Now, let's take a look at the main characters:
|Fan art by http://ratgirlstudios.deviantart.com/|
Katniss is a very unusual lead character for several reasons. One, she is not made out to be overly attractive. She isn't described as ugly, but more just as a plain, short girl. She is also very tough. It was on her shoulders and no one else's that her family survived her father's death. While most female lead characters tend to be more girly and boy crazy, the idea of dresses and kissing is far from her mind. She is assertive, hot-headed, and very logical: my kind of woman.
|Fan art by http://silkspectrell.deviantart.com/|
Next, we have Gale. Gale has been Katniss' hunting partner for quite some time when we join the story. He is tall, statuesque, and stubborn. He has a much larger family than Katniss, and is also the breadwinner of his bunch. From the description we get from Katniss, you might think he was her older brother, and that all of his siblings were hers as well. Gale has one thing though that has always troubled her: a very rebellious heart. There are penalties for bad mouthing the Capital - the Capital has many, many ways of finding out if you have been doing so, and Gale does not usually trouble himself to keep quiet.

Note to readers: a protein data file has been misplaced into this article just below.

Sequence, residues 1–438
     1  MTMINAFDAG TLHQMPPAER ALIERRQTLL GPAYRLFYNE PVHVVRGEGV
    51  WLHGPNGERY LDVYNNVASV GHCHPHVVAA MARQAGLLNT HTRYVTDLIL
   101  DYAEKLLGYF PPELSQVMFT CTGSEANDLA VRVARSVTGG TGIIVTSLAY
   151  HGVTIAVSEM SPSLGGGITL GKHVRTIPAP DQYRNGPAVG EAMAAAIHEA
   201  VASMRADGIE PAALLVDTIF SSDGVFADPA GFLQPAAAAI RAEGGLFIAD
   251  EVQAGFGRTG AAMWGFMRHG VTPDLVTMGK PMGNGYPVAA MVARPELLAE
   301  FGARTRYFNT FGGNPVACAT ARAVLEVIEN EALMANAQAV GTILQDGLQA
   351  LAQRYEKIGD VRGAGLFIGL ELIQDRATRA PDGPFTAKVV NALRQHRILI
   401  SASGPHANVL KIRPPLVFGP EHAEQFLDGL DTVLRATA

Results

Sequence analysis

|Fan art by http://mirandaleigi.com/|
What becomes apparent pretty soon into the story is Gale's affection towards Katniss. In his ideal world, he and Katniss would just run away together and live out their days in peace. Katniss, for one reason or another, is confused when he brings this up. She tells him everything, so he should know she doesn't want that at all. She doesn't want to marry, have kids, or anything like that. She just wants to lay low and make sure her family doesn't starve.
Then we get to Haymich. Oh Haymich. The town drunkard. He is the only Victor (winner of The Games) District 12 has ever had, and our protagonist cannot imagine how he managed it. After the tributes are picked, Katniss and her fellow Tribute, Peeta, have to bully him into staying sober long enough to help them try to win. Inspired by their spunk, he agrees. He proves to be a valuable resource to them; especially Katniss as they seem to understand each other more than either could have imagined.